- Common Name
- lesser sulphur-crested cockatoo
- Genus Species
- Cacatua (referring to the bird's call) sulphurea (yellow)
- This cockatoo is a large white parrot with a yellow crest and ear spot, yellow under the wings and tail, and a hooked beak.
- Approximately 30 to 32.5 cm (12 to 13 in.)
- Approximately 300 to 350 g (10.5 to 12.3 oz.)
- Includes seeds, nuts, fruits, berries, and some insects
- Approximately 30 days
- Clutch Size
- 2 to 6 eggs
- Sexual Maturity
- Approximately 2 to 3 years
- Life Span
- 65 or more years
- Australia and southeast Asia
- Found in forests, scrubs, and grasslands
- 1,000 to 2,499 individuals
- IUCN: Critically Endangered
CITES: Appendix I
USFWS: Critically Endangered
Lesser sulphur-crested cockatoos are the smallest of the sulphur-crested parrots.
Both parents take part in incubating the eggs.
Cockatoos can mimic the sounds of other animals, including people.
Cockatoos can hold their food in one foot and break pieces off of it with the other foot.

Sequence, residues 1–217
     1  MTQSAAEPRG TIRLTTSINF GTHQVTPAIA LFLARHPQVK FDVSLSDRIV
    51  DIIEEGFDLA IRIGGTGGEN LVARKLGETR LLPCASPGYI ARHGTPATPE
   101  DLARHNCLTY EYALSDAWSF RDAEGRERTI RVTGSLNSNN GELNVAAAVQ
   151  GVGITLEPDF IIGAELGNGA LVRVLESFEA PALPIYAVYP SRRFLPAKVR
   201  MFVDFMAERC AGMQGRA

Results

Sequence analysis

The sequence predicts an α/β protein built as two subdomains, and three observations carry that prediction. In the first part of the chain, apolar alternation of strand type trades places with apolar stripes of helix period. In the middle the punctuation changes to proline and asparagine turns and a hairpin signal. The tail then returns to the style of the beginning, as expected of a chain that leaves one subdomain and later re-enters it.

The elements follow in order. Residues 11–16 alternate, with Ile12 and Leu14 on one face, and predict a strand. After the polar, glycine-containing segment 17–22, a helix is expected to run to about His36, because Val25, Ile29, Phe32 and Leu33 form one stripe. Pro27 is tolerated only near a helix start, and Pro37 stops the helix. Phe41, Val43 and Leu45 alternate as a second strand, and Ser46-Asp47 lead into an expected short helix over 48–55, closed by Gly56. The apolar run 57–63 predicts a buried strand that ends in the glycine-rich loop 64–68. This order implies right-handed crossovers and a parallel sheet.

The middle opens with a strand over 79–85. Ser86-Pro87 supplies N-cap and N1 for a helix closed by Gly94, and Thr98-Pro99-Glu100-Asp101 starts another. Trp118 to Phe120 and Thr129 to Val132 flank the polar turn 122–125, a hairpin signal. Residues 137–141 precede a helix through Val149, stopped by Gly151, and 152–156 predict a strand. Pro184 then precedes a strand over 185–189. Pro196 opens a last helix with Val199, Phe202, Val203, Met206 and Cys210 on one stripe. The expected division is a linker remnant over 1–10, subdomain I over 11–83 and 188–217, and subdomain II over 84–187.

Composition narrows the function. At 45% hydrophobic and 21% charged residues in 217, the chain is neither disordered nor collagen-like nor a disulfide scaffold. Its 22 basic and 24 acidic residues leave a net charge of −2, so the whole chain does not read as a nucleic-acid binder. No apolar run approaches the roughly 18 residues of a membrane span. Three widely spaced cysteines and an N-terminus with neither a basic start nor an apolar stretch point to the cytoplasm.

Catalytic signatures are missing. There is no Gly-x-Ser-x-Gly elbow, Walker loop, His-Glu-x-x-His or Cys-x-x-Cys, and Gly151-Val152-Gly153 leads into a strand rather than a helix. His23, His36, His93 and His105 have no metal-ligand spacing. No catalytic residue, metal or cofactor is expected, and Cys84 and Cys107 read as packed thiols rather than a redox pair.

Cockatoos live in small, loose flocks.
They are very gregarious and quickly learn to mimic. These birds also have a very shrill cry.
Ecology and Conservation
Cockatoos are a food source for many animals larger than themselves.
Their feeding habits are very destructive, which annoys most gardeners. These birds are often regarded as pests because of their diets (sometimes feeding on crops).
They aid in seed dispersal through their eating of fruit.
Unsustainable collection for the pet trade industry has caused a drastic decline in this species' wild population.
The U.S. Wild Bird Act forbids the commercial import of any bird listed by CITES which includes most parrots, which are endangered or threatened.
Austin, G. Birds of the World. New York. Golden Press, Inc., 1961.
Decoten, A.E. Handbook of Cockatoos. Neptune City, NJ. T.F.H. Pub., 1981.
Diefenbach, K. The World of Cockatoos. Neptune City. NJ. T.F.H. Publications, 1985.
Forshaw, J.M. Parrots of the World. Neptune City, NJ. T.F.H. Publications, 1977.
Gotch, A.F. Birds - Their Latin Names Explained. UK. Blandford Books Ltd., 1981.
Simpson, D.P. Cassell's Latin Dictionary. New York. Macmillan Publishing Company. 1959.
BirdLife International 2018. Cacatua sulphurea. The IUCN Red List of Threatened Species 2018: e.T22684777A131874695. https://dx.doi.org/10.2305/IUCN.UK.2018-2.RLTS.T22684777A131874695.en. Downloaded on 09 March 2020.
Photo Credit: Lesser-sulphur_crested_cockatoo_31l07.jpg. Source: Wikimedia Commons. Image by: Snowmanradio. Year Created: 3 July 2007. Website: https://commons.wikimedia.org/wiki/File:Lesser-sulphur_crested_cockatoo_31l07.JPG. License: CC by SA 2.0